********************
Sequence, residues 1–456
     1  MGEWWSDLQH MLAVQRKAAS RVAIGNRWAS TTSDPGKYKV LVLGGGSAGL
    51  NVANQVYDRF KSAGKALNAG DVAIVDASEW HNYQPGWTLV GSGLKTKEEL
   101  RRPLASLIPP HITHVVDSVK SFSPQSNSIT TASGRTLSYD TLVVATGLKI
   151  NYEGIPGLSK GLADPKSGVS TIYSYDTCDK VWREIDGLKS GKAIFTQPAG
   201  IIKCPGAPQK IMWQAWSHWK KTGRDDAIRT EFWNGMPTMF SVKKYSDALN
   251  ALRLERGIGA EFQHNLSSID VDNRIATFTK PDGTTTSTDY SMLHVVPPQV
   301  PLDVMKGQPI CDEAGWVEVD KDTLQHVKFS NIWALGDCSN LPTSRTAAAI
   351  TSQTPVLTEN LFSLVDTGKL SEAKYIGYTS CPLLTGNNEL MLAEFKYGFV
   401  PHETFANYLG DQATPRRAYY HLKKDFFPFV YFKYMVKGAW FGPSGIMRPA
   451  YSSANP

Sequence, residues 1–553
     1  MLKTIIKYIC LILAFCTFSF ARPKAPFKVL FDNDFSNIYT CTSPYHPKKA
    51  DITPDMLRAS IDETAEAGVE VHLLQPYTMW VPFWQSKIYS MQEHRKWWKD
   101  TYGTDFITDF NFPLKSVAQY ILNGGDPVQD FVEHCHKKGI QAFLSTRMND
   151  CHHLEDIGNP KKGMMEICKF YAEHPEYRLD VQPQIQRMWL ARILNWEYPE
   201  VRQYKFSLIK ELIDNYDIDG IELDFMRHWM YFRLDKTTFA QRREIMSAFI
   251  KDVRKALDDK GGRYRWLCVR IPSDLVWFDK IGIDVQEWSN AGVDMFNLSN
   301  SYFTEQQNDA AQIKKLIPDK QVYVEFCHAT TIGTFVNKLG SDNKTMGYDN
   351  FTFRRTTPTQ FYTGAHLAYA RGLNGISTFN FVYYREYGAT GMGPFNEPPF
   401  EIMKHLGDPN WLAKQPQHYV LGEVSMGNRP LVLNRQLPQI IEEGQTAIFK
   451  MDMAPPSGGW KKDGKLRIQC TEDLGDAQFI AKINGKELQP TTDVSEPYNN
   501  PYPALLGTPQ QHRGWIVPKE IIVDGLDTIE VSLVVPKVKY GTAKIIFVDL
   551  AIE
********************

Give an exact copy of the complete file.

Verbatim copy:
Sequence, residues 1–456
     1  MGEWWSDLQH MLAVQRKAAS RVAIGNRWAS TTSDPGKYKV LVLGGGSAGL
    51  NVANQVYDRF KSAGKALNAG DVAIVDASEW HNYQPGWTLV GSGLKTKEEL
   101  RRPLASLIPP HITHVVDSVK SFSPQSNSIT TASGRTLSYD TLVVATGLKI
   151  NYEGIPGLSK GLADPKSGVS TIYSYDTCDK VWREIDGLKS GKAIFTQPAG
   201  IIKCPGAPQK IMWQAWSHWK KTGRDDAIRT EFWNGMPTMF SVKKYSDALN
   251  ALRLERGIGA EFQHNLSSID VDNRIATFTK PDGTTTSTDY SMLHVVPPQV
   301  PLDVMKGQPI CDEAGWVEVD KDTLQHVKFS NIWALGDCSN LPTSRTAAAI
   351  TSQTPVLTEN LFSLVDTGKL SEAKYIGYTS CPLLTGNNEL MLAEFKYGFV
   401  PHETFANYLG DQATPRRAYY HLKKDFFPFV YFKYMVKGAW FGPSGIMRPA
   451  YSSANP

Sequence, residues 1–553
     1  MLKTIIKYIC LILAFCTFSF ARPKAPFKVL FDNDFSNIYT CTSPYHPKKA
    51  DITPDMLRAS IDETAEAGVE VHLLQPYTMW VPFWQSKIYS MQEHRKWWKD
   101  TYGTDFITDF NFPLKSVAQY ILNGGDPVQD FVEHCHKKGI QAFLSTRMND
   151  CHHLEDIGNP KKGMMEICKF YAEHPEYRLD VQPQIQRMWL ARILNWEYPE
   201  VRQYKFSLIK ELIDNYDIDG IELDFMRHWM YFRLDKTTFA QRREIMSAFI
   251  KDVRKALDDK GGRYRWLCVR IPSDLVWFDK IGIDVQEWSN AGVDMFNLSN
   301  SYFTEQQNDA AQIKKLIPDK QVYVEFCHAT TIGTFVNKLG SDNKTMGYDN
   351  FTFRRTTPTQ FYTGAHLAYA RGLNGISTFN FVYYREYGAT GMGPFNEPPF
   401  EIMKHLGDPN WLAKQPQHYV LGEVSMGNRP LVLNRQLPQI IEEGQTAIFK
   451  MDMAPPSGGW KKDGKLRIQC TEDLGDAQFI AKINGKELQP TTDVSEPYNN
   501  PYPALLGTPQ QHRGWIVPKE IIVDGLDTIE VSLVVPKVKY GTAKIIFVDL
   551  AIE